About Carlo Weingrill brand
Carlo Weingrill is a Verona-based jewelry house that was found in 1879. The company has been family owned by four generations of jewelers. Passing family traditions of workmanship is a staple of Italian jewelry making. In the 1930s Carlo Weingrill’s two sons turned the jewelry workshop into a major maker with worldwide recognition. The Maison was especially famous for its Art Nouveau floral motifs. The brand contributed many significant geometric shapes to define the Art Deco period. In the 1970s Carlo’s granddaughter Paula took over the leadership. Today her son Carlofilippo Weingrill runs the company that represents the heritage of Italian goldsmiths.
Their high-quality pieces have been sought after in the last few decades. Carlo Weingrill is known as the original manufacturer of the most recognizable jewelry designs such as the Trinity bangle bracelet for Cartier, and, perhaps most notably, Bulgari’s Tubogas necklaces, bracelets, and rings. The classic Weingrill rolling bracelet, designed in the late 1980s, is a tubogas version of the Trinity bracelet Weingrill made for Cartier from the 1920s to the 1940s.
About Italian jewelry
Italian jewelry history
Italian jewelry style is deeply rooted in the history of the region. The beginning of it can be marked as far as 700 BC. What we consider today as the Italian style was impacted by the ancient Greek, Roman and Etruscan cultures.
Italian jewelry of all time is mostly made of yellow gold. This metal has been favored the most by Italian makers. In the Etruscan region goldsmiths developed such processes as alloying and engraving, also the granulation method got perfected and became a signature. In the later Middle Ages, the most sought-after jewelry pieces came from Vicenza and Florence. During the Renaissance era, the art of jewelry making was as much important as painting and architecture. Later, in the Baroque era, jewelry design shifted from bold and straight forward pieces to intricate and more detailed. Today Italian jewelry style and look depends on a certain maker. However, “made in Italy” jewelry always relates to luxurious lifestyle, timeless design and exquisite manufacturing.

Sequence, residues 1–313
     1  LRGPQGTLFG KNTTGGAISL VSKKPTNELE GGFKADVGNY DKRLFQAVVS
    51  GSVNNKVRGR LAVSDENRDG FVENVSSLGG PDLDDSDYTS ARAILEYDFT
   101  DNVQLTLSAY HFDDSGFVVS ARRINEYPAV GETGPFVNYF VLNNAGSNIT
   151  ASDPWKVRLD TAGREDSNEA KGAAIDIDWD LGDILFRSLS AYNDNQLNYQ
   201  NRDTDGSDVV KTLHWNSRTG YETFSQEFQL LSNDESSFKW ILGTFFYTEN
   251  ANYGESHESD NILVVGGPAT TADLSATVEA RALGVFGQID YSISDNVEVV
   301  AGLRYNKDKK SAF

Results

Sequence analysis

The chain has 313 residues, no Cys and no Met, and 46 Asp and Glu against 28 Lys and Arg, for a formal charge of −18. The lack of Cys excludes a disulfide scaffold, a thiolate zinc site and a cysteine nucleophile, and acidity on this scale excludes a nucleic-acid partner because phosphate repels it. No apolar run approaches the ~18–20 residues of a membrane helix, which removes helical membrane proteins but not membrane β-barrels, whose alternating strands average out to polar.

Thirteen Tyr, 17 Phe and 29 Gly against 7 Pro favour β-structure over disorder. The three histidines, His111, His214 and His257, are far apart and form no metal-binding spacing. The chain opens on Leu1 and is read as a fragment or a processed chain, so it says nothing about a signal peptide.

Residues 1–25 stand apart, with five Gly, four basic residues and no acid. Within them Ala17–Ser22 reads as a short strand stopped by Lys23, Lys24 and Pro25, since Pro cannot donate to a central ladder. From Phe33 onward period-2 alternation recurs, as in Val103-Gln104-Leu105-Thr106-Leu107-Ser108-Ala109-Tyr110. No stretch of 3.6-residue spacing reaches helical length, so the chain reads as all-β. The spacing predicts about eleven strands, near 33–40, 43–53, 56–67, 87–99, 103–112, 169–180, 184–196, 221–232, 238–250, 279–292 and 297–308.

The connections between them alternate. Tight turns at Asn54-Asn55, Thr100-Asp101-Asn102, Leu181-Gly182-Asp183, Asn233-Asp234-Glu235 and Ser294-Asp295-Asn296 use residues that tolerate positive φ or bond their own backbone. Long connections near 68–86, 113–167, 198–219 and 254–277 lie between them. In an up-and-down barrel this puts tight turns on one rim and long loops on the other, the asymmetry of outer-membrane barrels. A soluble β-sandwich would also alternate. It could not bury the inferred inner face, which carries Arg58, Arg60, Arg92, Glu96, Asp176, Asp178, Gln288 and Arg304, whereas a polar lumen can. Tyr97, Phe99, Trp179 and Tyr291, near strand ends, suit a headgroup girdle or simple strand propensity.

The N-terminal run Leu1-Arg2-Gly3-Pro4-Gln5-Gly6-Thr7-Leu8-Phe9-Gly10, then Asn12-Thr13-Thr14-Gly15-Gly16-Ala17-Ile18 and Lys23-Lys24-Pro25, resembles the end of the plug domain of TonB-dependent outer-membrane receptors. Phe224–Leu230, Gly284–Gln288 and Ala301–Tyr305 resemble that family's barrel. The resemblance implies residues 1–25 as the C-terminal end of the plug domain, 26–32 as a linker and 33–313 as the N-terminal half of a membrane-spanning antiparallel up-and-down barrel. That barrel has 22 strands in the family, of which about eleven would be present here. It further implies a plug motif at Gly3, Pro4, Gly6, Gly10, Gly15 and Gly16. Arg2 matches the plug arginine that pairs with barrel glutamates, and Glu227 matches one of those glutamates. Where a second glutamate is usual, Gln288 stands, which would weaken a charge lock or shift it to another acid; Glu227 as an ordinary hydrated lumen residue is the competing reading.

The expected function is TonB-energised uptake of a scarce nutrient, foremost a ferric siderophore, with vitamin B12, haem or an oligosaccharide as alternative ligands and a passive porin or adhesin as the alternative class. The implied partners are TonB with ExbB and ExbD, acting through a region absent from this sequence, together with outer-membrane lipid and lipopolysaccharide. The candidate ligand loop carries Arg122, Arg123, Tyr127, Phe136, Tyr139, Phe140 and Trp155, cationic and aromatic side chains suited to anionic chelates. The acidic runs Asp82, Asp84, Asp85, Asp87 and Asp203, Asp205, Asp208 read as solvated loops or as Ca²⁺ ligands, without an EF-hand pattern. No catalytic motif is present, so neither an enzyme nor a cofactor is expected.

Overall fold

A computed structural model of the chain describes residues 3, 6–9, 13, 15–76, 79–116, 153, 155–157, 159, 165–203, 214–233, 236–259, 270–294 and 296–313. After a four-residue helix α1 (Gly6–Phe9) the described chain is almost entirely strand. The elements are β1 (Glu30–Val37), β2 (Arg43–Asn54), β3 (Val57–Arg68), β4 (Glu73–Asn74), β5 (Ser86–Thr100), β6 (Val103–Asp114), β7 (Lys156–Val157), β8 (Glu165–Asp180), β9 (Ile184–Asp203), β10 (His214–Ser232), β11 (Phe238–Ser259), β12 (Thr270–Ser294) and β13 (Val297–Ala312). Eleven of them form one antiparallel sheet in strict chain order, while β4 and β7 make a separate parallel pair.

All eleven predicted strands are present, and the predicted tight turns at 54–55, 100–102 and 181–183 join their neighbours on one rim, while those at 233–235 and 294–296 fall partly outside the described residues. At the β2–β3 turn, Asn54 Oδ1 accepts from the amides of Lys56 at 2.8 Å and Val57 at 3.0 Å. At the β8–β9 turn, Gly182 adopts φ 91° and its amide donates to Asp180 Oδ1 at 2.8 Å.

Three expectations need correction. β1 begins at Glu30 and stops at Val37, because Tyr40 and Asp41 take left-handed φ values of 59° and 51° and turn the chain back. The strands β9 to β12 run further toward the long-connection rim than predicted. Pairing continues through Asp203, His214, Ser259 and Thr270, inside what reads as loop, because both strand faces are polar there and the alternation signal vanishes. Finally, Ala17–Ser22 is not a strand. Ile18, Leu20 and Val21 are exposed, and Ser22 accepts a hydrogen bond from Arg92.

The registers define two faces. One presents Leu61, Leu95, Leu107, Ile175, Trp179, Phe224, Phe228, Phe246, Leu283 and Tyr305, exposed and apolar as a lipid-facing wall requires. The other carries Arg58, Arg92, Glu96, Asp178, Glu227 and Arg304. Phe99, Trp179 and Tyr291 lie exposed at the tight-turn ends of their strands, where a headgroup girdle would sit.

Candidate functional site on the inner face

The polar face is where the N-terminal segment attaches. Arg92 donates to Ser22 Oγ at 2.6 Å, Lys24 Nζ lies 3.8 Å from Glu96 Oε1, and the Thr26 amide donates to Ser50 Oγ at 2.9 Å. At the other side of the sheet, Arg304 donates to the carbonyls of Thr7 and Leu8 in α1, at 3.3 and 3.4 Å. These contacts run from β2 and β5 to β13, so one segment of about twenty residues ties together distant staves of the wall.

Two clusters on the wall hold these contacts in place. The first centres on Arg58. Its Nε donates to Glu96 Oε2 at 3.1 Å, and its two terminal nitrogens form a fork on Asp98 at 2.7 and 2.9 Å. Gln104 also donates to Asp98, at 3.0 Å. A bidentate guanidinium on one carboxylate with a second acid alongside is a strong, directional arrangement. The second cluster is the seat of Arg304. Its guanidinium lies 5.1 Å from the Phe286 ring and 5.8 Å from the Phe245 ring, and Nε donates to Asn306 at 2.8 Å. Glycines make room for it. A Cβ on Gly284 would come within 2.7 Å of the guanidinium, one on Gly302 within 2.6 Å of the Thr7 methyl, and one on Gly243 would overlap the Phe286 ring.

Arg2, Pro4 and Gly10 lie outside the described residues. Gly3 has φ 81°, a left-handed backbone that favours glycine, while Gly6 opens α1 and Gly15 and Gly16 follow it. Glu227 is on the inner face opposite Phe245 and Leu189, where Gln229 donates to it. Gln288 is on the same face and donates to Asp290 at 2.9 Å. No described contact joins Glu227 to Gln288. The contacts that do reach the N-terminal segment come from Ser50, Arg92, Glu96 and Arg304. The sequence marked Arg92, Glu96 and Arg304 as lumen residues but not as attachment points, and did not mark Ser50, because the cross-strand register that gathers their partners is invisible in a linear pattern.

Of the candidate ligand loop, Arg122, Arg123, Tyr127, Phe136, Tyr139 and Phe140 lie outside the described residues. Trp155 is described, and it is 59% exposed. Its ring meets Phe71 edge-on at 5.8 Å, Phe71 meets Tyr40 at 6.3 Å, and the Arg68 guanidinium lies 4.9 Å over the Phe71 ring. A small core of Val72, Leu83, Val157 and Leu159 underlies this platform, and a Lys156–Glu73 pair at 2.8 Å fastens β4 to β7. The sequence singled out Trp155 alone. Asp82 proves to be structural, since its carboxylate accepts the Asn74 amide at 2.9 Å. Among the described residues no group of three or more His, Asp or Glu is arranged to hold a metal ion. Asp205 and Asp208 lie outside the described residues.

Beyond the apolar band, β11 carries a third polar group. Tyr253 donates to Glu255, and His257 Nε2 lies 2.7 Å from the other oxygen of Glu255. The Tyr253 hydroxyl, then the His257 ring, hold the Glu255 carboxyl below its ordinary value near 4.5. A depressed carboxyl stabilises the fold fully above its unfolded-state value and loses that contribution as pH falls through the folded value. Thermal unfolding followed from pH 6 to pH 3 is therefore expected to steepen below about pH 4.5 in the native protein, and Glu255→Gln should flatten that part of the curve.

Italian jewelry in the 1970s
The 1970s marked an era of unique and distinctive styles in the world of Italian jewelry. During this time, Italy played a leading t role in shaping jewelry trends. It was the era of bold designs, innovative materials, and a fusion of traditional craftsmanship with modern influences.
Designers of the 1970s experimented with a wide range of materials, moving beyond the traditional use of gold and precious gemstones. They incorporated coral, turquoise, mother-of-pearl, resin, and even plastic. This creative use of diverse materials added a playful and unconventional element to the jewelry. The geometric and abstract design trends of the 1970s influenced Italian jewelry. It be in sync with the artistic movements of the era, jewelers integrated symmetrical patterns, angular shapes, and fluid lines. A fearless approach to design and a strong connection to the cultural movement continue to influence Italian jewelry design and fashion to this day.
Italy’s chain production started somewhere back to the ancient times, as braided chains were found in Ur and Upsala at the archaeological sites. They were crafted by using knitting technique and were precursors of the modern link chains.
It thanks to Italian makers we have Figaro, Anchor and Spiga links today. Those links could be a result of reinvented and reimagined Catholic rosaries. In our time Italian gold chains are well-known for its durability and great design.
One of the Italian makers, UnoAErre, gave 18k gold Italian chain a worldwide fame in the 1980s. Gucci became a synonym of anchor chains. Tubogas design invented by Bulgari is iconic and used by many designers not only in chains but for making gold tubogas bracelets, earrings and rings.
Many great jewelry brands came from Italy, it’s really challenging to mention just a few. Vhernier, Roberto Coin and of course Bulgari could be the first who come to mind when we think of the Italian makers. We also should mention Carlo Weingrill, a jewelry house from Verona. Their high-quality pieces have been sought after in the last few decades. The house has been family owned by four generations of jewelers. Passing family traditions of workmanship is another staple of Italian jewelry making. Italian cultural heritage, high-skilled makers and great quality materials keep going the never-ending popularity of Italian jewelry.